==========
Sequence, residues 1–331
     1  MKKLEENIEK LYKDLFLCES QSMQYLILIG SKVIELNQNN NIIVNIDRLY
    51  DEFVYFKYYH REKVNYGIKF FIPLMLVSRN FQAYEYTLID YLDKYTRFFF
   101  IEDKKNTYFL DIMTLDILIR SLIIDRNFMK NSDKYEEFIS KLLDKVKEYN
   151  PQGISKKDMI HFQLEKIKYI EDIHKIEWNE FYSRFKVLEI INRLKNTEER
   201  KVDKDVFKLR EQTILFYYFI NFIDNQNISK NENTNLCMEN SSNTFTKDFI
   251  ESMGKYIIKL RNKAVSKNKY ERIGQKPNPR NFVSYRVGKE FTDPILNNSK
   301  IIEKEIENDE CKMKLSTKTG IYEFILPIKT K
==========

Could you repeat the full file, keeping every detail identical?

Sequence, residues 1–331
     1  MKKLEENIEK LYKDLFLCES QSMQYLILIG SKVIELNQNN NIIVNIDRLY
    51  DEFVYFKYYH REKVNYGIKF FIPLMLVSRN FQAYEYTLID YLDKYTRFFF
   101  IEDKKNTYFL DIMTLDILIR SLIIDRNFMK NSDKYEEFIS KLLDKVKEYN
   151  PQGISKKDMI HFQLEKIKYI EDIHKIEWNE FYSRFKVLEI INRLKNTEER
   201  KVDKDVFKLR EQTILFYYFI NFIDNQNISK NENTNLCMEN SSNTFTKDFI
   251  ESMGKYIIKL RNKAVSKNKY ERIGQKPNPR NFVSYRVGKE FTDPILNNSK
   301  IIEKEIENDE CKMKLSTKTG IYEFILPIKT K